Friday, 16 January 2015


William H Macy

Guillermo C Kahlo

Monday, 7 July 2014

In memoriam: my walking boots (1989-2014)

These boots were made for walking,
And that’s just what they did.
But on this day these boots
Are walking off to the dump.

With pain in my heart I am saying goodbye to my most loyal traveling companions: my Nomad walking boots. For over 25 years we traveled together literally to the ends of the earth, from England to New Zealand, from the Middle East to Central America, from Great Britain to British Columbia, and many places in between.

For a few years now I have known the end was coming. I began to realize that my boots were no longer able to offer my feet adequate protection, grip and shock absorption. This realization became inescapable once I began to live in Switzerland, where ice, snow, rocks and elevation are regular aspects of excursions in the outdoors. My boots did not cope well with these conditions, resulting in falls, near falls and aching joints.

I had to face the facts. In the end my boots were like that retired neighbourhood cop, who, while ever ready with some words of comfort or advice, no longer has the speed to chase down a thief or the sharp eyesight to spot a vital clue on a crime scene.

After the most recent knee injury, sustained only days ago on an arduous descent halfway down Mt Titlis, I realized the day had finally come to bid you adieu, my dear boots. You will be remembered in the countless pictures I have of you.

So long and thanks for all the steps.

Sunday, 25 August 2013

A Swiss life in pictures #2: Titlis

Another weekend, another mountain. This time it was Titlis, some distance to the south west of Luzern. To get there, one boards the Engelberg Express (big name for what is essentially a local train) to the lovely village of Engelberg, which warrants a visit all of its own. That, however, is for another time. The expedition was undertaken with Mara, Colette, her husband and father on July 27th, 2013.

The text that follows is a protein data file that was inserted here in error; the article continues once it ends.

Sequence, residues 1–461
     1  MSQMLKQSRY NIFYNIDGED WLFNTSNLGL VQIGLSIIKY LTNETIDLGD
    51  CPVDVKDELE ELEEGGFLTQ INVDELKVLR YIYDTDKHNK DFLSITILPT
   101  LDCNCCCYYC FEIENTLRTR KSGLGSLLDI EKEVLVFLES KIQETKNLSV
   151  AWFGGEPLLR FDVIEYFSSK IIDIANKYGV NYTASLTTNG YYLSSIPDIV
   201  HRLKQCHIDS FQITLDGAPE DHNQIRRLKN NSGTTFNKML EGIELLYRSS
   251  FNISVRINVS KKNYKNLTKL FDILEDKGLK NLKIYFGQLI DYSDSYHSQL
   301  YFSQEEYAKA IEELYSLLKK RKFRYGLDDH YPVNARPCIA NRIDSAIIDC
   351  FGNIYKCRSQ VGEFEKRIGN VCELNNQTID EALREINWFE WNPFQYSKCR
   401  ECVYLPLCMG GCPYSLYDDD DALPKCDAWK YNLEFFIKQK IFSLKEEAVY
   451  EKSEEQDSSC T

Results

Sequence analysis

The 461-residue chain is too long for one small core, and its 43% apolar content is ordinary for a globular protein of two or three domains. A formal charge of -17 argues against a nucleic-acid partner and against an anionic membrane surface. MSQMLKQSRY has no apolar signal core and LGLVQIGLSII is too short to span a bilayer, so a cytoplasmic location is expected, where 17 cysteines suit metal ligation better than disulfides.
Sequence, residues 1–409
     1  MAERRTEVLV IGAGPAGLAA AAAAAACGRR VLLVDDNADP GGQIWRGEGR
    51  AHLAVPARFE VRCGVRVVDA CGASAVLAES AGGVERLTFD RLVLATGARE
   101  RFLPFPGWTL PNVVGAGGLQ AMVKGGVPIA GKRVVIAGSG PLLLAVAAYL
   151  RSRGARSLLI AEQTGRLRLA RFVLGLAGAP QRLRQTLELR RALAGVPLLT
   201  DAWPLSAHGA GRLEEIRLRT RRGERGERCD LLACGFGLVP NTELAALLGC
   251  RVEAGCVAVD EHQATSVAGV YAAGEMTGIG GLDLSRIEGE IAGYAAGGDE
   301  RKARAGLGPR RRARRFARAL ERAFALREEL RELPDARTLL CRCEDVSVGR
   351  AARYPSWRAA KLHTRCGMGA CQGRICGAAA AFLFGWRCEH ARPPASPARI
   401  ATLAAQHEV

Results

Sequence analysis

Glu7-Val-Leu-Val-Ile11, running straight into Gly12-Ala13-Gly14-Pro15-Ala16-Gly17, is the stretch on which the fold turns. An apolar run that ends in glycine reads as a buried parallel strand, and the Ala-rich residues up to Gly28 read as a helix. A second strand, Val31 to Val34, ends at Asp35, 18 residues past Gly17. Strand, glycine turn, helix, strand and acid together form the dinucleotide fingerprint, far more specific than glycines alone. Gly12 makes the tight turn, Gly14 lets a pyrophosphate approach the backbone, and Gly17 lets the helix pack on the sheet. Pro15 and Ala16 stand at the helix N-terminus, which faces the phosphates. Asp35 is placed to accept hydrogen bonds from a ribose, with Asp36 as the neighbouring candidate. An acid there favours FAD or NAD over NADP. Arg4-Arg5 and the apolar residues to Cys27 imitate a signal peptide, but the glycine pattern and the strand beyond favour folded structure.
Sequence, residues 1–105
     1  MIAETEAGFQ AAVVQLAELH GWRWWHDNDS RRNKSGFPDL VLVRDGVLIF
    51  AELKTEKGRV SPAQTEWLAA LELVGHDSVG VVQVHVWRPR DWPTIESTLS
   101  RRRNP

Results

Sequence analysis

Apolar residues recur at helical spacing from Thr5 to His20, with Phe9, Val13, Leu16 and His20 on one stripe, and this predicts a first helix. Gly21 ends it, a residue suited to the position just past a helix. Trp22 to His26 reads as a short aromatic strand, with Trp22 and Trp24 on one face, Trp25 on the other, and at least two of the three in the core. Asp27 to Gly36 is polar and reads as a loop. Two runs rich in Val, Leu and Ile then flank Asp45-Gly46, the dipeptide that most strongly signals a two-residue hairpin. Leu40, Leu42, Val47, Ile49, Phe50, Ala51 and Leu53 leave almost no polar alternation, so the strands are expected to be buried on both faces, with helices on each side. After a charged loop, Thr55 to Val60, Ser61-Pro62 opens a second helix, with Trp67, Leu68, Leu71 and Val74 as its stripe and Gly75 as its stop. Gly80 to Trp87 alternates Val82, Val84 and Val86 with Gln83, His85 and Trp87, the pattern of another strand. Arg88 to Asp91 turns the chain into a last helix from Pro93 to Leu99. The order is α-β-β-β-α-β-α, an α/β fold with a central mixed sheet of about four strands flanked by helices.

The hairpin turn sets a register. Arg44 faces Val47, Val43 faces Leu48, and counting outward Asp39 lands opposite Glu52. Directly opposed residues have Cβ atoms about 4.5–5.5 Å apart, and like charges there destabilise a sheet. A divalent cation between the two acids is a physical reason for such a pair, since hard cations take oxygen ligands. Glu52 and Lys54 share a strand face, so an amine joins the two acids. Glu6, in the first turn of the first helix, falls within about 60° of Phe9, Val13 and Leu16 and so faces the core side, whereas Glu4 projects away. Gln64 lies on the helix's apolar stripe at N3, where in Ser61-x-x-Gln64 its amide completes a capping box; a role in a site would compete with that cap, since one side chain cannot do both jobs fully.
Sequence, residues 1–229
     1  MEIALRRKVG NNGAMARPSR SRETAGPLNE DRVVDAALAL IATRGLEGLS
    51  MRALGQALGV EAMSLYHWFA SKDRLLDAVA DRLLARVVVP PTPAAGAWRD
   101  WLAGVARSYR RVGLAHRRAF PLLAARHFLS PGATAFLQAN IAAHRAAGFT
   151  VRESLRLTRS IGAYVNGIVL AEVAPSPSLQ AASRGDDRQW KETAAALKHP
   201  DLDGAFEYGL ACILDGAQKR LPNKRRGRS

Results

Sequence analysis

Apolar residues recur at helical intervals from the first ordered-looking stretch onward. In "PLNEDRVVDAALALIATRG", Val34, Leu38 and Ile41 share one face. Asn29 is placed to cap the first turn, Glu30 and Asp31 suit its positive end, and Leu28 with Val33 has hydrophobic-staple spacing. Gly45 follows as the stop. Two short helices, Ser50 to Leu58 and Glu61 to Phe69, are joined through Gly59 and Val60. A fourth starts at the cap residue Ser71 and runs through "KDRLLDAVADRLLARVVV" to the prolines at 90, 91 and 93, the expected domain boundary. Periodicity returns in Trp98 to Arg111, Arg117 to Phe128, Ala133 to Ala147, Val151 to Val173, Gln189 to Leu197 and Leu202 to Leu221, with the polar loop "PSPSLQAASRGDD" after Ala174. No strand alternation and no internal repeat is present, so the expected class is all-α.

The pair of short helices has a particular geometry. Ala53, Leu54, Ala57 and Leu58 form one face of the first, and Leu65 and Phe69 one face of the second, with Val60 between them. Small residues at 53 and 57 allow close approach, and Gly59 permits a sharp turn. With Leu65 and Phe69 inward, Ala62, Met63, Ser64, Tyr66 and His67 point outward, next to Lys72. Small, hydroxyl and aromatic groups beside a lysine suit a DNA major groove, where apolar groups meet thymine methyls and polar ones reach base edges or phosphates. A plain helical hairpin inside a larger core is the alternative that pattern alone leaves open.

From a steaming 35 degrees in the valley to a nippy 13 degrees on the summit: it's a different world in the same ten-odd square kilometers.

It was a nice day to do some summer skiing. I would have, if it wasn't for the fact that (a) I have no skis, (b) I have no experience, and (c) the snow only reached until about 50 meters from the summit, a hard landing indeed.

Cable cars. Climbing mountains is obviously a favourite family outing.

Snow capped surroundings. Yetis just out of shot.

The descent, on foot. Target lake in the distance. The path was pretty hairy here and there, with steep slopes inviting certain death.

Not a pose, I assure you. As natural as they come.

Nearly there. We would later navigate the sheer rock face on the right by cable car.

Monday, 19 August 2013

A Swiss life in pictures #1: Stanserhorn

Being an expedition to the Stanserhorn mountain undertaken on July 21st of 2013, in the company of Bart Jan & Mariska.

Two intrepid adventurers board the Engelberg Express, while a third one takes pictures of his own reflection.

The obligatory cable car ride up the mountain.

"I can sort of almost but not quite see my house from here."

In conversation with one of the locals, though in truth they're probably just laughing at us.